Several months have transpired since last winter’s freeze, but there is still debate about the larger impact. While pipes are recovered and the electric grid seems to be getting extra attention, we have to consider how we face this climate shock repeatedly in the future. It’s not just a single event but a series of events over a year. The insurance industry in Texas has had well over $60 billion worth of climate-related damage over the last several years.

This leads to serious questions about the work of the design professions and those who invest in the built environment, as well as those to insure it.

Our discussion must focus on the four biggest issues:

  1. Temperature shock,
  2. Water: scarcity or flood,
  3. Power and water grid fragility, and
  4. Disproportionate investment in communities that suffer the most.

Our increasingly hot summers are threatening us with more 100+ degree days than ever before. This is true in areas accustomed to heat, but also in areas that have never seen these temperatures. This is threatening not just to human comfort and health, but to power grids unprepared for high demands for air conditioning. Shelters to provide daytime cooling are becoming a necessity.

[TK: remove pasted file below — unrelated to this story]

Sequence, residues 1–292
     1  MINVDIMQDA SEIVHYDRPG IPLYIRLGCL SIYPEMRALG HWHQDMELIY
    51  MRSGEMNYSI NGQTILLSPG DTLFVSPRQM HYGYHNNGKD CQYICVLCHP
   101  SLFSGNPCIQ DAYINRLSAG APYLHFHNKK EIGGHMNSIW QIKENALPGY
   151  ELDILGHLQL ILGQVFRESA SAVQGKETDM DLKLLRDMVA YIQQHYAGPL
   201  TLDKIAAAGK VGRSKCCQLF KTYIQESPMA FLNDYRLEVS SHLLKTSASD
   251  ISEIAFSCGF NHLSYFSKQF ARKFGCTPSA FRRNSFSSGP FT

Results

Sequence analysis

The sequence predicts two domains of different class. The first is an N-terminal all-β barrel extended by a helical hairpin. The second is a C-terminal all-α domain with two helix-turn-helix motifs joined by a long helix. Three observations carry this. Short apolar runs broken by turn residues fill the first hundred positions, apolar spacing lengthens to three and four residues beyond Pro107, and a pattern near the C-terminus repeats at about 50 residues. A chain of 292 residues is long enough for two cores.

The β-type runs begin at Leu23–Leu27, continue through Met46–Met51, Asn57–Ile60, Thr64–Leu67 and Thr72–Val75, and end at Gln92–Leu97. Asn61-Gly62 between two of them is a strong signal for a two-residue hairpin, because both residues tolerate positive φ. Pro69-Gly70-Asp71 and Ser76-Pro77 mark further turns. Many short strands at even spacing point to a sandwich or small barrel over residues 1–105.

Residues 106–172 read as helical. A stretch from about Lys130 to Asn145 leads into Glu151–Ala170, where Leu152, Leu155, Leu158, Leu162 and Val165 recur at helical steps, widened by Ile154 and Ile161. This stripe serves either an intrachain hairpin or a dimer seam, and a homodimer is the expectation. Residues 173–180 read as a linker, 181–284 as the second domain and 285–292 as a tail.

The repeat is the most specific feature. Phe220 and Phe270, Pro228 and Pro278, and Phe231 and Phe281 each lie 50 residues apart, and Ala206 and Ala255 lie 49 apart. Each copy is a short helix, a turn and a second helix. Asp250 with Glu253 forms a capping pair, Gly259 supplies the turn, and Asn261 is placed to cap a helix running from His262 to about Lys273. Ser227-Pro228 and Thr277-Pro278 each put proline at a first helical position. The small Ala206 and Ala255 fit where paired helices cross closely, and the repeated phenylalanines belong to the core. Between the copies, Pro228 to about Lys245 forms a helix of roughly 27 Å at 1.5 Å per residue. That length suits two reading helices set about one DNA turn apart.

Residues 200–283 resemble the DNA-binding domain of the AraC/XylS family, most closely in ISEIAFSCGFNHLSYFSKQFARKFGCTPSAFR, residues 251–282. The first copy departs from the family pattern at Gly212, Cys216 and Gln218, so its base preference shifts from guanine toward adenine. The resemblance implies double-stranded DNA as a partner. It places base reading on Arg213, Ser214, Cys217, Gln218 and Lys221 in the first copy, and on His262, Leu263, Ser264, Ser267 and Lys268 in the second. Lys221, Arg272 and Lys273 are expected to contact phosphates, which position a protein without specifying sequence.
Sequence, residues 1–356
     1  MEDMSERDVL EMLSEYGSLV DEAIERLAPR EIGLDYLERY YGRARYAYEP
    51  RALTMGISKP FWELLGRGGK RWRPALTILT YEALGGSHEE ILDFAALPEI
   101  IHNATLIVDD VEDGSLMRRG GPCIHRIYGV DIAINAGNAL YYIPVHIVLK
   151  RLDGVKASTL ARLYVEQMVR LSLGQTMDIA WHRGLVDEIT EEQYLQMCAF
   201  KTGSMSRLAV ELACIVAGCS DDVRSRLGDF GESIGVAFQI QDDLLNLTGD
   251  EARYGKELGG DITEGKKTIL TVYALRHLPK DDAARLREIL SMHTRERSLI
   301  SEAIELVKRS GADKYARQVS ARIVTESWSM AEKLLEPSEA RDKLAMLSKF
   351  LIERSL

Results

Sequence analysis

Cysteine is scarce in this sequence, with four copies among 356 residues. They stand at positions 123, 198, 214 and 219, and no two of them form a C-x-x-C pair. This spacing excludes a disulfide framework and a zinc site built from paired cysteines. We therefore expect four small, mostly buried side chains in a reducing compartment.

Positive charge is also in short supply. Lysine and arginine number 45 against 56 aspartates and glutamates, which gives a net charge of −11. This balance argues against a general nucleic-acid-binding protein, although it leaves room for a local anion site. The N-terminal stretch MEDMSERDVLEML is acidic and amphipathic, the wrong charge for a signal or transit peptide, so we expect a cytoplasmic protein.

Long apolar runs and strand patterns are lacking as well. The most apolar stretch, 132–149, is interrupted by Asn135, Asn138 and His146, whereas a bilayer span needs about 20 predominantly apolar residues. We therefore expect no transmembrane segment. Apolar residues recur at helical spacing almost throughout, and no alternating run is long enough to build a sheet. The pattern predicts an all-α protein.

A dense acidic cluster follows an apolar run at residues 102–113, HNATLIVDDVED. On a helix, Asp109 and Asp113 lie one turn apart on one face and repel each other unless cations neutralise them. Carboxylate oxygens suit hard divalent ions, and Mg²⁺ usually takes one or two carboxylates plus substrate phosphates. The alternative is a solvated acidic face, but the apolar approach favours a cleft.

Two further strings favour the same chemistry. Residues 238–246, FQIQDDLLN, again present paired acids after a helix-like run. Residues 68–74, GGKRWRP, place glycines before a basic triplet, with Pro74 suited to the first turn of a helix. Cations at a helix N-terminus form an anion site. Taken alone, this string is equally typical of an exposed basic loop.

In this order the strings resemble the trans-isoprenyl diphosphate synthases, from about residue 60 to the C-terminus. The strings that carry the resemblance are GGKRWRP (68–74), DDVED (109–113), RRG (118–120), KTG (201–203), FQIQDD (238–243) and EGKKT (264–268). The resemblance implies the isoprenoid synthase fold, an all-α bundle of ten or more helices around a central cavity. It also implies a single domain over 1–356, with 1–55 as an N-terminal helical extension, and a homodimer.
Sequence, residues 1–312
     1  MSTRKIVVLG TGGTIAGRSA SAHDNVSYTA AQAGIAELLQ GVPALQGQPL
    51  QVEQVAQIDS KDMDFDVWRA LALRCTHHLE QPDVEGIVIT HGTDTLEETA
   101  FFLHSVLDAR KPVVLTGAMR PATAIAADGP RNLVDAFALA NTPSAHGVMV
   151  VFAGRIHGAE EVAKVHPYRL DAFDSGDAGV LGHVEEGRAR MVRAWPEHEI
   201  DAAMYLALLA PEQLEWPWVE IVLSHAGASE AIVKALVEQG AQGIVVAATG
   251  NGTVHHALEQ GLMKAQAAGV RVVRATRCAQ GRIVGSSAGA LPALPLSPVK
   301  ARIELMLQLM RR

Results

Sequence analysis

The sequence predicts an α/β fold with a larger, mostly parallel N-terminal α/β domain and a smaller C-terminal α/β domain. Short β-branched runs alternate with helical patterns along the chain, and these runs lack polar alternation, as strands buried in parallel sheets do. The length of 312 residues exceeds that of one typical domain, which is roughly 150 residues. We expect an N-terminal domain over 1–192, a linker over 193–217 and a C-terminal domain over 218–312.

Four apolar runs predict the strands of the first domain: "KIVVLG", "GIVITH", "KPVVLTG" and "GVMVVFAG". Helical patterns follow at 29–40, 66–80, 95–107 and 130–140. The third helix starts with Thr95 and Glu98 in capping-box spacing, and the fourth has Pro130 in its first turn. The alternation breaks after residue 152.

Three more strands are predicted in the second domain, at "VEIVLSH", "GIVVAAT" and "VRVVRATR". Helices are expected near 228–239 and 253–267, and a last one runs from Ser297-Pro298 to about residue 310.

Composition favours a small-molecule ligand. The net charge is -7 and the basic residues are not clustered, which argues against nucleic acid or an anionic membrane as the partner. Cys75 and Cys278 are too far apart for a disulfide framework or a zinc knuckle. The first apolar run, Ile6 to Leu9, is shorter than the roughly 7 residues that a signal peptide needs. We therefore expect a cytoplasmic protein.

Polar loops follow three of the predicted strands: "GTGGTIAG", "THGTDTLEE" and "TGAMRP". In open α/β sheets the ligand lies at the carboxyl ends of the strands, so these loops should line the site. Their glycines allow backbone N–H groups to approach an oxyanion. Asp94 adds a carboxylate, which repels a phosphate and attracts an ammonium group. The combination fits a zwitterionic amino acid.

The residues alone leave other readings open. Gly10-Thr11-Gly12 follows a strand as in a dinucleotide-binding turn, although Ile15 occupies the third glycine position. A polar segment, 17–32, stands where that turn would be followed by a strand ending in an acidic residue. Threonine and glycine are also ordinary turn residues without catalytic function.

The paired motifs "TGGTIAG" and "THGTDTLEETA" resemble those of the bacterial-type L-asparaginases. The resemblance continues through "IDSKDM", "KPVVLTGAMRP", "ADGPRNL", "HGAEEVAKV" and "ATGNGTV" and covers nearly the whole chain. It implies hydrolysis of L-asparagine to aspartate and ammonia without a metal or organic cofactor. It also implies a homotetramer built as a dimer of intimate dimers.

Snow covers the ground in Texas as the sun shines brightly.

These temperatures also threaten the food supply because of the impact on agriculture. Crops that have been carefully cultivated for their climate are suddenly unable to thrive due to high temperatures and drought. The erratic weather impacts from climate change mean that temperatures can swing 30, 40, even 60 or 70 degrees in a matter of hours. The impact on crops and infrastructure can be devastating. Roadways, bridges, and buildings are not designed to withstand such sudden shifts.